In August of 1864, nearly 33,000 prisoners war were confined into an immensely crowded twenty-six acres. During this one month alone, approximately 3,000 died – an average of around 100 per day. This is the Andersonville as most people think about it and is depicted in film and literature. The only photographs taken of Andersonville show Andersonville in mid-August and its most crowded. However, many people are surprised to learn that for 10 of the 14 months the prison was open, it had a population well under 10,000 – its intended capacity. The first prisoners began arriving in late February and the prison population did not exceed 10,000 until May 1864. By mid-June the population hovered around 15,000 – overcrowded but manageable. The continuation of the Overland Campaign in Virginia combined with General Sherman's campaigns around Atlanta finally pushed to the prison site to its maximum occupancy in mid-August, when it held approximately 33,000 prisoners.
However, this was a brief moment in Andersonville's operation. General Sherman captured Atlanta on September 2, and within days the Confederate command, concerned that Sherman would move to liberate the prison, began evacuating the stockade. Thousands of prisoners healthy enough to move were sent to prisons throughout the south, most notably Florence, SC; Salisbury, NC; and Savannah, GA. In less than a month, 25,000 prisoners were transferred and the prison population was a little more than 8,000. By November 1, the population had dwindled to 4,000. By mid-December there were as few as 2,000 prisoners at Camp Sumter and most of them were in the hospital – the stockade was virtually empty. The prison population spiked back up to a little more than 5,000 as some prisoners were evacuated from Savannah and Camp Lawton and returned to Andersonville in late December 1864 and early January 1865. From then until the end of the war the population declined as large scale exchanges resumed.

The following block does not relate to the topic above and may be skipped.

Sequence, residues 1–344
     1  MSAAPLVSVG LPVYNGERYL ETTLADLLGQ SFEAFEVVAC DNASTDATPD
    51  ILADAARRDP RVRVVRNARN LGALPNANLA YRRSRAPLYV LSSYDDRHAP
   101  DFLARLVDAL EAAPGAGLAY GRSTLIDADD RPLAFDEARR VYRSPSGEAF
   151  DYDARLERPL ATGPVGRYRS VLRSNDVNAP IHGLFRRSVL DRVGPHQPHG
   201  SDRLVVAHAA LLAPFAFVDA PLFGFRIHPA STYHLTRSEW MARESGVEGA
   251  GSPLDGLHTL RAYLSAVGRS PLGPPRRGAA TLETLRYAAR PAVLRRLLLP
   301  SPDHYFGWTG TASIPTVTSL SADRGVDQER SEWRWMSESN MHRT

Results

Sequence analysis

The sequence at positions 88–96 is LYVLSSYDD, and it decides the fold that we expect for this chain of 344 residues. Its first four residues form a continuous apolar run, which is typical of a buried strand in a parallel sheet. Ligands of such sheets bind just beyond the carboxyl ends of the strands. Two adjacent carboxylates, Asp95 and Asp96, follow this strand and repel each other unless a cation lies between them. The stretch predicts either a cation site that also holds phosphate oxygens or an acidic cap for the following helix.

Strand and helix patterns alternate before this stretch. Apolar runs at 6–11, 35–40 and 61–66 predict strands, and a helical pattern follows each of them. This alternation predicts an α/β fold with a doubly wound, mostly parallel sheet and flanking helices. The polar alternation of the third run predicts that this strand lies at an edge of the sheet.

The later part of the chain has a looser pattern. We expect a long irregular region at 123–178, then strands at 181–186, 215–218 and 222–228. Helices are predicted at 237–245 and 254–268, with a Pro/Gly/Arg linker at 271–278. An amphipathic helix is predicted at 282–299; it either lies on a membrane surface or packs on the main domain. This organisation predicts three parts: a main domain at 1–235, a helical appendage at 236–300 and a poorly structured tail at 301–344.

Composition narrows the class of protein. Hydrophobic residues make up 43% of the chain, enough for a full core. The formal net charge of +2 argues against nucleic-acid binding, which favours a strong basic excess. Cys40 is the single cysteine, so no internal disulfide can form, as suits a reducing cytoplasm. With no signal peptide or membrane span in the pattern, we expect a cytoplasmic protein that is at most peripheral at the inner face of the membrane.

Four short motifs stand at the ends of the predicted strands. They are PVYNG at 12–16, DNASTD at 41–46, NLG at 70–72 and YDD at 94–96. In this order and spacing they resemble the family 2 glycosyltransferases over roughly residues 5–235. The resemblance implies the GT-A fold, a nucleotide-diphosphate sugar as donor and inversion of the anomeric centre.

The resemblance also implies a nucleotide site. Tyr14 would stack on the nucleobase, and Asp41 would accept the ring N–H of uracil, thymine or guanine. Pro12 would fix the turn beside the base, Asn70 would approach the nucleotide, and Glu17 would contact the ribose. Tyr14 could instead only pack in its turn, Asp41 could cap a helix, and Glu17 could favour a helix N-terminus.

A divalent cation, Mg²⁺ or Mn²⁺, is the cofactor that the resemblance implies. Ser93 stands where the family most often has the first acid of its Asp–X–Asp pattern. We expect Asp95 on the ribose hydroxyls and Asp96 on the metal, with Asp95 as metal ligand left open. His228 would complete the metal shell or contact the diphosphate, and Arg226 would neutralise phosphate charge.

The fall of 1864 through the spring of 1865 was a very different experience at Andersonville than during the summer of 1864. In an effort to differentiate the experience of prisoners in the fall and winter, one recent historian has even referred to this period as "The Second Andersonville." The decrease in numbers and the elimination of the overcrowding did not translate into an improvement in conditions, and death rates actually skyrocketed as the prison population declined. For example, of the 4,000 prisoners held in October, around 1,800 died – a death rate of 45%. Many people attribute the bulk of the problems at Andersonville to issues related to overcrowding, but suffering at Andersonville was far more complicated than that. The majority of the prisoners who died at Andersonville did so when the prison was much less crowded, and those that were held in the fall & winter of 1864 endured brutal cold without adequate blankets, coats, or access to firewood.
For an account of Andersonville during these less crowded months you can read the recent published diary of Sgt. Lyle Adair, "They Have Left Us Here to Die" or the prisoner memoir of William B. Smith, "On Wheels and How I Came There" which is available online at http://archive.org/details/onwheelshowicame00smit
Last updated: April 14, 2015